Until that magic day when a favorite chef is omnipresent for almost all of our eating occasions, almost all of us will depend on one of just a few alternatives for delicious, nutritious, and safe food.
Contrary to Time magazine’s recent imaginary planet on which each of us grows our own tomatoes, oranges, and lettuce in backyard plots and bikes to a nearby farmers market that miraculously supplies vanilla beans and corn produced on a suburban truck farm, we shall drive to a supermarket or convenience store of our choice and select components that will eventually blend to become an eating experience.
And the components of the meal will be obtained from packaged products. Even if the result is a combination that began with “fresh,” almost all were in some form of package early on in the distribution process. The other day, I witnessed hundreds of men and women in a recently opened neighborhood international supercenter driving away with dozens of corrugated fiberboard cases and polyethylene bags brimming with bok choy, sugar cane, soft shell crab, star fruit, peaches, and broccoli.
In the supercenter, shoppers were filling their baskets from hundreds of cases of retort pouched and frozen meals. Fresh knows no bounds in a land of prepared, and prepared knows no bounds in a land of fresh. Beyond the fully processed and packaged were the assortments of chilled prepared foods packaged so that with mere placement in a microwave oven and the push of a button, a rethermalized meal is available within three minutes. In all industrialized countries, fresh product and the freshly cooked are shelved side by side.
Fast Food (Delivery) Options
Obviously, restaurants or your friendly on-site culinologist can deliver your favorite meal in a few minutes (the international supercenter cited above indeed housed that option in many different ethnic varieties within its food court). And most large retail groceries are home to kitchens in which cooks follow recipes and chill their meals or meal components quickly for display and sale. If the turnover of back-of-store-prepared chilled products is not rapid, these products are discarded by retailers for fear of pathogenic or other spoilage. Freshly cooked is the objective for quality and safety, but can packaged offer this option? Must we really need to revert to locally grown to enjoy true fresh flavor and nutrition? Certainly, canned and frozen are options, but not for “freshly cooked.” Are the chilled meals from back-room kitchens, which are higher-cost due to low volume and distribution complexities, viable alternatives? Are the short-shelf-life sous vide, cook/chill, or shelved chilled meals really as good and safe as “freshly cooked,” the goal to which all food scientists, technologists, and packaging professionals are striving? And can we deliver these foods to the consumer—without extreme processes such as slack out, thermal pasteurization, or crust freezing? Is modified atmosphere really the route as with wet pasta? Must every ingredient be sterilized before aseptic incorporation? Where will the fledgling ultra high pressure processing technology take us?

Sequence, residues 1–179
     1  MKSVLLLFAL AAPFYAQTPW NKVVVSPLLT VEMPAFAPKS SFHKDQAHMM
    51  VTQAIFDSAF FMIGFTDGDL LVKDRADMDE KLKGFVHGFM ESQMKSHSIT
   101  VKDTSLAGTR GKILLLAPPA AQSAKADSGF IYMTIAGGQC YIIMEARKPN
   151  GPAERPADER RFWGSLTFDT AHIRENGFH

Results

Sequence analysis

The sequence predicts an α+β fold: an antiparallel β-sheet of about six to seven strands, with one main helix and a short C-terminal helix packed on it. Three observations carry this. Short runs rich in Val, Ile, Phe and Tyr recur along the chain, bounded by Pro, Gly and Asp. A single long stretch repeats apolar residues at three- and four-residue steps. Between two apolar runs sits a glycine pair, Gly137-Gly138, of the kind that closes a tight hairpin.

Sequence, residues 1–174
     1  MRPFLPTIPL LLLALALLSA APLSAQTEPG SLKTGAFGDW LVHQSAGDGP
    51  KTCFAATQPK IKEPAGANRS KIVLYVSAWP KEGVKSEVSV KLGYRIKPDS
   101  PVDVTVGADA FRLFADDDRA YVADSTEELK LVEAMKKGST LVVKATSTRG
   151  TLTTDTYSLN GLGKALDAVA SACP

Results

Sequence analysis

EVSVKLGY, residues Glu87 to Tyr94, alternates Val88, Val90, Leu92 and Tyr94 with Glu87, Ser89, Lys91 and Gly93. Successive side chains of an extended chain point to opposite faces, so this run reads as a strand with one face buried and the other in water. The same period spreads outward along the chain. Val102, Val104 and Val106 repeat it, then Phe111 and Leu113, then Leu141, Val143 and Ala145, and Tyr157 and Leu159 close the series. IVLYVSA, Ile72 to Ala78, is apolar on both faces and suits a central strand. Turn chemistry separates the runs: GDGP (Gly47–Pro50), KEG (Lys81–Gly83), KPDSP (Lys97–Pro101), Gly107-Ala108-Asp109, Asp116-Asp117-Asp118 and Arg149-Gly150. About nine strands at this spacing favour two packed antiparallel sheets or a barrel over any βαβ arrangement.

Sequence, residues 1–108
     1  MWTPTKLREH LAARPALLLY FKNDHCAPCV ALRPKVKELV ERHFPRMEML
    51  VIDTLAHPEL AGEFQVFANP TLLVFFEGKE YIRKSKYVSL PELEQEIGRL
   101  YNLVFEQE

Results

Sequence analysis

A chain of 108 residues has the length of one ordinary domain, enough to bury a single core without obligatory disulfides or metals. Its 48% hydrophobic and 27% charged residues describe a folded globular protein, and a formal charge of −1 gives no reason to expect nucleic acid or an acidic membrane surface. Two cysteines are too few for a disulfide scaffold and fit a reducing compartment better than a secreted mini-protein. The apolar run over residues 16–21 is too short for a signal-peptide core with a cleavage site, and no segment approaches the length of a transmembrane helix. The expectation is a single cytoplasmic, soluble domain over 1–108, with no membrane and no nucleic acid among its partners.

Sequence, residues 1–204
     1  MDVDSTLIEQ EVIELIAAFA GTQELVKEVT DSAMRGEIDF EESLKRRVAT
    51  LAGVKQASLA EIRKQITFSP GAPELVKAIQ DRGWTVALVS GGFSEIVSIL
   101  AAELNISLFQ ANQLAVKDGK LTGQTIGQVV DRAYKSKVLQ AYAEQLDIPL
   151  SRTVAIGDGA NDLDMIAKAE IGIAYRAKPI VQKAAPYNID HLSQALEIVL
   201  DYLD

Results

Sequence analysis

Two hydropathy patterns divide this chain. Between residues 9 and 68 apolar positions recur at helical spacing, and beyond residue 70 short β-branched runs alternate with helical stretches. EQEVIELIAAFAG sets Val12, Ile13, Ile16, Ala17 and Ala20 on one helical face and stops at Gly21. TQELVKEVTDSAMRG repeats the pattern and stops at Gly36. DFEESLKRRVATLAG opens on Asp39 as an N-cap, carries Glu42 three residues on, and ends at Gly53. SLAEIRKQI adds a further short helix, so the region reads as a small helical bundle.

Fraunhofer Institute Approaches
To respond to this litany of legitimate questions about the role of food and food packaging technology in the spectrum of consumers’ desire to move closer to fresh eating, we offer you one group’s intriguing perspectives: Double Fresh from Fraunhofer Institute in Germany (ivv.fraunhofer. de), a contract research and development organization. Double Fresh is a collaborative international project involving foodservice, food processors, and research organizations. The objective of the project is to develop so called “ready-to-eat- meals” with improved quality, greater freshness, and longer shelf life. The project has two main areas of focus: Double Fresh meals, which are made from fresh ingredients and heated in a microwave before being eaten, and “freshly cooked meals.” The aim for these ready-to-eat-meals is to subject them to a gentle thermal or nonthermal treatment and attain storage stability on refrigerated shelves similar to that of pasteurized foods, but simultaneously with higher quality.
--- PAGE BREAK ---
Double Fresh Meals
Because only fresh ingredients are used in Double Fresh meals, the work of the Fraunhofer Institute has focused on the hygienic preparation of the raw ingredients and their quality preservation. On being washed with 1% hydrogen peroxide solution, varieties of different vegetables show drastically reduced microbial counts. Clean implements and appliances and a clean workplace are key prerequisites for minimizing subsequent contamination during processing. The use of gels as edible coatings compensates for vegetable quality losses caused by color and structure changes. The raw meat component in these meals is the most sensitive component from a microbiological perspective. The microbial level can vary greatly depending on the preceding slaughter and cutting of the animal, distribution, and the hygiene in the meat suppliers’ processing plants. Studies are being conducted to reduce microbial contamination and retard growth using active antimicrobial substances in combination with physical methods.